Jason Tanner, Photographer
I’d spent the better part of two years procrastinating about how I would approach and photograph the subject of sexual violence in conflict. Sometime soon after, I found myself on the Ecuador-Colombia border working on a refugee related assignment; realising that all I thought I knew and understood about the subject, particularly in Latin American context was meaningless. Furthermore, I had misjudged the complexity of the relationship between refugees and the issue of sexual violence.
Over the course of four weeks I would be ferried, often at short notice and sometimes covertly, to meet with and photograph refugees fleeing persecution and violence from neighbouring Colombia.
This fearful frontier town in Ecuador is often the first stepping off point for refugees seeking safety and security. Unfortunately, for many refugees, the reach of those responsible for the violence often extends deep beyond the porous borders of Latin America.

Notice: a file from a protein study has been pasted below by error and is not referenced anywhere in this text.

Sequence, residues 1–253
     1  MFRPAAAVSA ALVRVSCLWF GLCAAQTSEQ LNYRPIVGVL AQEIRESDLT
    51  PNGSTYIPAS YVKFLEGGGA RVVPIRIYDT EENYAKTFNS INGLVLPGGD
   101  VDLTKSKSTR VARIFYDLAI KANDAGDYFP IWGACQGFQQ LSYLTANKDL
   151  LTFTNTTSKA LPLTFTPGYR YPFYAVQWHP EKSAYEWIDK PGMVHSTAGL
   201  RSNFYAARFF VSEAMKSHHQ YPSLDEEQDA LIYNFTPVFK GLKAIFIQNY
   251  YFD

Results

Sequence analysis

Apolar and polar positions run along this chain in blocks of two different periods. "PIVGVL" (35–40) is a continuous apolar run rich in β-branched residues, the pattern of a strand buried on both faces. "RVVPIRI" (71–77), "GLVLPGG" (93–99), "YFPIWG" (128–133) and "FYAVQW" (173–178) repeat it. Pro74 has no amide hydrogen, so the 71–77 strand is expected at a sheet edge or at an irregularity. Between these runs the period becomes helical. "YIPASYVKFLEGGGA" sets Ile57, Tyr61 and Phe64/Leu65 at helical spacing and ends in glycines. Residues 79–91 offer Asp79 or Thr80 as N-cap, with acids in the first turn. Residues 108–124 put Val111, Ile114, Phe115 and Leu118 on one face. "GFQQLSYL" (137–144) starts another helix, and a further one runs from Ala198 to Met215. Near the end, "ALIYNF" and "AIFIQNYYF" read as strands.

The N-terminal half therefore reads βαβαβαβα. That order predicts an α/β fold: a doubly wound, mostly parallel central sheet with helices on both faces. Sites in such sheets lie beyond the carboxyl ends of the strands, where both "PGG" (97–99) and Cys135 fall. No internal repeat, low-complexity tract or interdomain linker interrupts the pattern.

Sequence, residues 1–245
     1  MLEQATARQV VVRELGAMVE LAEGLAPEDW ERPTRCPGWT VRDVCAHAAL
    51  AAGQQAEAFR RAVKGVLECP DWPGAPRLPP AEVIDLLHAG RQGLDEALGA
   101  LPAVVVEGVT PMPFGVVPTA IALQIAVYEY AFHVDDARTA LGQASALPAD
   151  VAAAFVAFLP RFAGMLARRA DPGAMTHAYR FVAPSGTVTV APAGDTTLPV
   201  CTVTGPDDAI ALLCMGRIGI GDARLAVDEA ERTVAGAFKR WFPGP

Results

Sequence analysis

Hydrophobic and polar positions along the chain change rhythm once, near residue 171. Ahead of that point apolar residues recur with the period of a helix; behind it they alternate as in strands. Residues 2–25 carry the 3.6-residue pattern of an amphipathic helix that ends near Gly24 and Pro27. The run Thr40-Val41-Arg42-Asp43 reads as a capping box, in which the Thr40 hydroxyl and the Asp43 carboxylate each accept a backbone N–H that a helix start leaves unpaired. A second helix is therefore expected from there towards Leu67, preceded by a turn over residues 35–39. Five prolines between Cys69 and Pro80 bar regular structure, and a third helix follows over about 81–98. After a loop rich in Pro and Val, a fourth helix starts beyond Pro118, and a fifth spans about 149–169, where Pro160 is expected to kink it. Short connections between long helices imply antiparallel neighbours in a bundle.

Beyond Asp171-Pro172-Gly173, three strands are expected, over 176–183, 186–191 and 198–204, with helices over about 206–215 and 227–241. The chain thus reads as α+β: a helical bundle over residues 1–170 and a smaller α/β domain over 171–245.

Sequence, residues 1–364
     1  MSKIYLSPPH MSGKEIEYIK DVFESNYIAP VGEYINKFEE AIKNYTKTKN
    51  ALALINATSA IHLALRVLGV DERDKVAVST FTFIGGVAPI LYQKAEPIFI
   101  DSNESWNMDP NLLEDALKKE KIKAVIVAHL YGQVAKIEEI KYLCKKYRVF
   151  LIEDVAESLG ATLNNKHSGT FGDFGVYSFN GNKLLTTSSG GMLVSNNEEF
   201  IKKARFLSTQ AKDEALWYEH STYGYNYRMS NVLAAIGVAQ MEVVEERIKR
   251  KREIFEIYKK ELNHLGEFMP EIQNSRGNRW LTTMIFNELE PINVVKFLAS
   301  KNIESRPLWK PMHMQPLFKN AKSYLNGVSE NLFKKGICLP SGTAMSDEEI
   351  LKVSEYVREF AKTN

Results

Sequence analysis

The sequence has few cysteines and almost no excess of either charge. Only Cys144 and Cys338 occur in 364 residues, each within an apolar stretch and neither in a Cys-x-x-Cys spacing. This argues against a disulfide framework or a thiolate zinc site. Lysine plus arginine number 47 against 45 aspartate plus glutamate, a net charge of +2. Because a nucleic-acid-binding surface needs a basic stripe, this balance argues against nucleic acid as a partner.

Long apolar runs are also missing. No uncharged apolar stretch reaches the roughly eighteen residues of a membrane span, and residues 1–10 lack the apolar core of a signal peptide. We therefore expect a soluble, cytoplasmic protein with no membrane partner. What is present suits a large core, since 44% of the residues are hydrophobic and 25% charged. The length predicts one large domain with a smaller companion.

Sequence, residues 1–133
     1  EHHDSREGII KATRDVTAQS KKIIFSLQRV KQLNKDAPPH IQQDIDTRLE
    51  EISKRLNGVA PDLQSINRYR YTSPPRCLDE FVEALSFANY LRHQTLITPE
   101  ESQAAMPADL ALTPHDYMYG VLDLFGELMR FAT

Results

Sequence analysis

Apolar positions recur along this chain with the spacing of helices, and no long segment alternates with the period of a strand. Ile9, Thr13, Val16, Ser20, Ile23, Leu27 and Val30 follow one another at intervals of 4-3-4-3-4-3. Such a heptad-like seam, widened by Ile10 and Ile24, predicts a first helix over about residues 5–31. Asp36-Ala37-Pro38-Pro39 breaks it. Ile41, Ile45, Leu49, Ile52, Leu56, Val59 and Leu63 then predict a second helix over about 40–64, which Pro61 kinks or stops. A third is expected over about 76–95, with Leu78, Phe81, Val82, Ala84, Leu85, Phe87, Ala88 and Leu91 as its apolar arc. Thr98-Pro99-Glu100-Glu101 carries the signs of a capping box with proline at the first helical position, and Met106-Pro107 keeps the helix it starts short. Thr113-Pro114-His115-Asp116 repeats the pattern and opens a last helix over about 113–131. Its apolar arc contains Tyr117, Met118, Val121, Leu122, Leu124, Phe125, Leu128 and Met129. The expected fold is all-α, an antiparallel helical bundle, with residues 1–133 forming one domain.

It had taken more than two weeks to organise an interview with Maria (not her real name). There had been several other attempts, but always they were cancelled due to safety and protection concerns. I had questioned how dangerous it could possibly be for someone to allow me to interview and take his or her photograph.
Maria’s ‘home’, a timber structure partially submerged in toxic floodwater, rotting floors and infested with rats, represented only half the danger present to her, and her young family.
Working quickly, we were well aware this ‘all hearing – all seeing’ community could soon start whispering about visitors armed with cameras and notebooks visiting the home of this indigenous refugee and her daughters. Her tearful, anxious greeting a timely reminder of her vulnerability, and the risk she was taking allowing us this privilege.
Producing ‘anonymous’ portraits, to protect identity is one of the most challenging skills asked of a photographer. Maria’s harrowing testimony, and circumstances of the interview reminded me of the duty of care, the responsibility and obligation we have as photographers to repay the trust, the risks, and sometimes the bravery afforded to us by refugees.
Jason Tanner is a British photojournalist. His work has been published in the UK, Europe, USA and Australasia in publications such as The Times (UK), The Telegraph (UK), The Guardian (UK), Sydney Morning Herald (AUS), Courier, TIME Magazine, New York Times, Le Monde and Paris Match.